The New York Times has a front-page article today about Americans making a stampede to small cars due to rising gas prices.
I read it avidly since our transportation choices form such a high percentage of our national carbon footprint (and carbon emissions are the primary cause of global warming). It turned out that one in five U.S. car purchases in April were of a compact or sub-compact car, compared to one in eight a decade ago.
This is called a stampede to fuel-efficient cars? I’m underwhelmed.
I see a misguided but very human thing playing itself out around gas prices, cars, carbon emissions and global warming. Science tells us we need to reduce greenhouse gas emissions by 70-85%. Yet, media coverage and public behavior reveal a childlike desire for our lifestyles to change very little from what we’re used to — despite full evidence and knowledge that our lifestyles need to change a lot, based as they are on cheap, abundant fossil fuels.
My post on Our Next Car: Prius Or Honda Hybrid? has gotten almost as many hits as the next two most popular posts put together. Clearly, people are hot for green-tinged cars. But why aren’t we talking about cutting our driving in half, rather than having wet dreams about cars in different flavors and sizes? Where is the front-page NY Times story on how 82% of U.S. trips of five miles or less are currently made in cars, rather than on foot or bicycle? Using our bodies for transportation addresses national health and obesity problems as well as global warming. And exercise elevates mood and makes us feel happier, too.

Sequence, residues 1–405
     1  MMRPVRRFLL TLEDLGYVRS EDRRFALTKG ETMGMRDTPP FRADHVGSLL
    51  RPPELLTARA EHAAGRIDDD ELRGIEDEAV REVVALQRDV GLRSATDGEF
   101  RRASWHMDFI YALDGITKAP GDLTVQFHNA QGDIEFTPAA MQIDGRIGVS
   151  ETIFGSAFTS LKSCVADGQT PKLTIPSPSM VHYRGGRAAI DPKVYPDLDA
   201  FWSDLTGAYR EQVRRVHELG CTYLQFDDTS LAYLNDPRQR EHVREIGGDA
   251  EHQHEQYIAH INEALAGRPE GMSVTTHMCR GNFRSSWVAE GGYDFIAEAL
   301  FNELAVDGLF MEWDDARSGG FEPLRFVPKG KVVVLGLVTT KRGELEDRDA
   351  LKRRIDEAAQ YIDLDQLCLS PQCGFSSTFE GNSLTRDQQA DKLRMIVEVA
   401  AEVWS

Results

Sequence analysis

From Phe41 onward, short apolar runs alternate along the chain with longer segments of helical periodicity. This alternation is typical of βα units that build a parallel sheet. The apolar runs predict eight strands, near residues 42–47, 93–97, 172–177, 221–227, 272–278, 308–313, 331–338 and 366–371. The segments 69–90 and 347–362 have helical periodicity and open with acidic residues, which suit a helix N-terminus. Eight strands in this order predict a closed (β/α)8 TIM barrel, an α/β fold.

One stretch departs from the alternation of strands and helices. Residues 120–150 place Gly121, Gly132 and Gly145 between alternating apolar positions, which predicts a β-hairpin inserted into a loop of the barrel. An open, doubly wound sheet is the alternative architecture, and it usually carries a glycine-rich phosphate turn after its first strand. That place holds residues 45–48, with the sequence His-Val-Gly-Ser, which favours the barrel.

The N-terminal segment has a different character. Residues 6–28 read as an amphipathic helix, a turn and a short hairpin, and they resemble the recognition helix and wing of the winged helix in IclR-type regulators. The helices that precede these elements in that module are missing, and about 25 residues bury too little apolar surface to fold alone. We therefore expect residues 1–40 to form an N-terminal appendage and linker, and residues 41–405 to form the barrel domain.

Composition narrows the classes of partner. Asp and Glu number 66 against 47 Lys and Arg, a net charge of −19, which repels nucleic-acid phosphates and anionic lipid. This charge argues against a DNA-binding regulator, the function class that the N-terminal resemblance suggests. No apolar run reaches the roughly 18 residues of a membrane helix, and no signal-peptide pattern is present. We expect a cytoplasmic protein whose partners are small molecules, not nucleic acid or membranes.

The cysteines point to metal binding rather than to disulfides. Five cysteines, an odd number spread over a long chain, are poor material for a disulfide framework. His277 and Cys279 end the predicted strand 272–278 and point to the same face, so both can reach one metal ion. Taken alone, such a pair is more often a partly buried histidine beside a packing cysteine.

The time when people reported the highest level of happiness in the U.S. was a time when they walked and bicycled more and drove less. Let’s not be impressed by the current so-called stampede to small cars. The transformation needed to effectively deal with global warming calls for changes in us more than in our cars.